Border issues and fine fellows in Israel; Star travel guy checks out Jerusalem
Star travel writer Adrian Brijbassi just returned from a visit to Jerusalem, and Bethlehem, for Toronto Star Travel's Grand Tour series of classic destinations. Here's his final post, but look for more later in the pages of the Star.
BETHLEHEM — It’s not easy to find a good tour guide for Palestine. For obvious reasons, there is just not a lot of sightseeing done in Israel’s occupied territories. The exception is in Bethlehem, where Christians come to see two key biblical sites: Shepherd’s Field and the Church of the Nativity.
Most visitors travel by tour bus and there are some who go by small carloads led by a personal guide. Arab-Israelis who are from East Jerusalem give the majority of the tours, according to one Israeli guide I met. So, I was fortunate when I wound up with Zafer Barakat to show me around Bethlehem, where he lived up until about seven years ago.
Zafer has incredible knowledge of the West Bank, the area that was formerly part of Jordan and is given its name because it is on the western side of the Jordan River and the Dead Sea. It has been Israeli-controlled territory since the Six-Day War in 1967. At the Bethlehem-East Jerusalem checkpoint near Rachel’s Tomb (the only checkpoint where tourists can pass), we were greeted by smiling Israeli soldiers who know Zafer well. They waved us on after a cursory check.
“I often cross the border three or four times a day,” he says. “So they recognize me, they know I’m coming with tourists.”
The lines can be long and arduous at the border, so anything that can expedite a quick clearance is a huge benefit for tourists, who will want to save as much time as they can en route to exploring the Bethlehem-area attractions.
Shepherd’s Field (see photo at right, below) is the spot where Christians believe angels spoke to shepherds about the birth of Jesus and also where Mary is said to have lived. The Church of the Nativity includes the site where Jesus is said to have been born. The Greek Orthodox church maintains the main part of the basilica and a Catholic church, St. Catherine, adjoins it.
Although the church was crowded when I visited, it wasn’t nearly as busy as the Church of the Holy Sepulcher, where Jesus died, in Jerusalem. At Shepherd’s Field, which is essentially a park, I counted three tour groups and there was room for many more.
One Christian in Palestine who I spoke to said businesses have been hurting ever since 2002, when the West Bank barrier started to be erected. The drop in activity isn’t surprising. When an 8-metre concrete wall goes up, interest in trying to pass through is going to go down.
Zafer says his home was all but covered by the wall. He and his family moved to East Jerusalem, where he was born and is an Arab citizen of Israel. He and his wife, Maysa, have three boys and a daughter (the family is pictured here, with eldest son, Ammar, missing because he’s studying to be a surgeon). They and their relatives invited me for a post-Hajj feast that included the best food I had during my stay in Israel.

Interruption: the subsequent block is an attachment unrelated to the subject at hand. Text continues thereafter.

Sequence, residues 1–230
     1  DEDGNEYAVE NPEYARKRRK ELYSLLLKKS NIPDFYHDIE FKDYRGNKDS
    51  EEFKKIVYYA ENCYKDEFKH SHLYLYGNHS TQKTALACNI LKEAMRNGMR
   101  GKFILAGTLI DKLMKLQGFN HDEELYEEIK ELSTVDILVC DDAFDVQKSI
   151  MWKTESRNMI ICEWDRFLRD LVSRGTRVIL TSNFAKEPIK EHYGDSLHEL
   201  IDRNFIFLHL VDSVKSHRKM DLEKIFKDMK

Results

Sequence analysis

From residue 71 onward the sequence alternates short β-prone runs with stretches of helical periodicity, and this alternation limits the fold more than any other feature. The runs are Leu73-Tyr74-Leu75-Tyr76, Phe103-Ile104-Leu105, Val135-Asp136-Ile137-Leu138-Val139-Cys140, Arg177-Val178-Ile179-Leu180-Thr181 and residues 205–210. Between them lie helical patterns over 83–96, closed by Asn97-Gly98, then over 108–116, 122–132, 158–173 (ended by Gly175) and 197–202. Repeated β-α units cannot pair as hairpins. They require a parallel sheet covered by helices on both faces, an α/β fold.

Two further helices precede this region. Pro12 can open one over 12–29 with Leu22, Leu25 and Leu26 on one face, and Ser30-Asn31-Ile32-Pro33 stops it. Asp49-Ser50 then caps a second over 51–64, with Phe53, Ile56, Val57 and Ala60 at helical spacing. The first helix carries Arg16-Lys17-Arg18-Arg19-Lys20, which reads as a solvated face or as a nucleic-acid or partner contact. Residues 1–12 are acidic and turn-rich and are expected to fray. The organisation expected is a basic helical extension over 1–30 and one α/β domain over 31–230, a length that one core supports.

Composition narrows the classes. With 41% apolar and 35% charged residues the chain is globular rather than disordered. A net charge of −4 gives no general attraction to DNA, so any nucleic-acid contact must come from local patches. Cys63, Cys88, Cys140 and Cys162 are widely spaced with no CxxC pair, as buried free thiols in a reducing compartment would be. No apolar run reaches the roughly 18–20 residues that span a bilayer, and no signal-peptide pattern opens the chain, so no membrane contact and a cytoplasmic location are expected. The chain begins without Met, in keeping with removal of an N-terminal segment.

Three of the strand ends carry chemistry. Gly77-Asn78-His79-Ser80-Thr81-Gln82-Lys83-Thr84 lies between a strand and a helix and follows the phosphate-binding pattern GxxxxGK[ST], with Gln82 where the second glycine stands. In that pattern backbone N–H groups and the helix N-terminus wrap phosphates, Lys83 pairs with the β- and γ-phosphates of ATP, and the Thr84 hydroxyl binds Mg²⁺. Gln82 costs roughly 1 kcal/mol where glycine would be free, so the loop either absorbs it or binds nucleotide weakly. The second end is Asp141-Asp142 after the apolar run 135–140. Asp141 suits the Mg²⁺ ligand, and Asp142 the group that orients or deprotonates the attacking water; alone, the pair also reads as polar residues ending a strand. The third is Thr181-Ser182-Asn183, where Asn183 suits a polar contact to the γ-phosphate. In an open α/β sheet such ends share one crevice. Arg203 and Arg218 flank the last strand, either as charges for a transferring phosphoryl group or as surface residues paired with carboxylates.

You’ll read more on the Barakats and what it’s like to visit Israel and its occupied territories in coming weeks in the Toronto Star’s Travel section. Meanwhile, if you’re planning a trip to Jerusalem and are interested in seeing Bethlehem or other areas of Palestine, Zafer says you can contact him through his email account: email@example.com.
MORE ON ISRAELI CHECKPOINTS
As I said, I didn’t get the chance to experience the checkpoint the way Palestinians on a day-to-day basis do. Because of time constraints, it was important that Zafer and I get into Bethlehem as fast as possible. But Mirko Petricevic of the Waterloo Region Record was also in Jerusalem this month and he shared his experience with me in an email. Here’s what he wrote about what it was like for him and his wife to cross between Bethlehem and Jerusalem while en route to catching a bus to Eilat:
“The checkpoint interior is a cavernous and bare industrial warehouse. The queue didn’t move for long periods of time, so we grew anxious about missing our bus. Because of the slowness of the process some people butt in line, sparking little quarrels with others in the queue.
One Palestinian man got into a shouting match with the gun-toting guard watching us, through dark sunglasses, from a catwalk above. Another faceless security officer regularly blared instructions over a loudspeaker.
Eventually we passed, single file, through a three-metre-tall turnstile. We were processed through just one security lane, equipped with an X-ray machine to inspect baggage, even though it looked as though the checkpoint was set up with three or more lanes. If every lane were staffed, we would have passed through much more quickly.
After about 50 minutes we finally arrived at the last inspection station. An exterior wall of the booth was decorated with an Israeli tourist poster depicting a happy family enjoying a holiday on a Mediterranean beach.
The checkpoint screening system made me feel like livestock — not like a person. It humiliates, and stokes resentment in, Palestinians. And that doesn't seem helpful in lessening the bitterness between Palestinians and Israelis.”
Check out Jim Byers' travel blog from Las Vegas on Tuesday. A rather abrupt turn from Israel, yeah, but that' s the nature of the travel biz....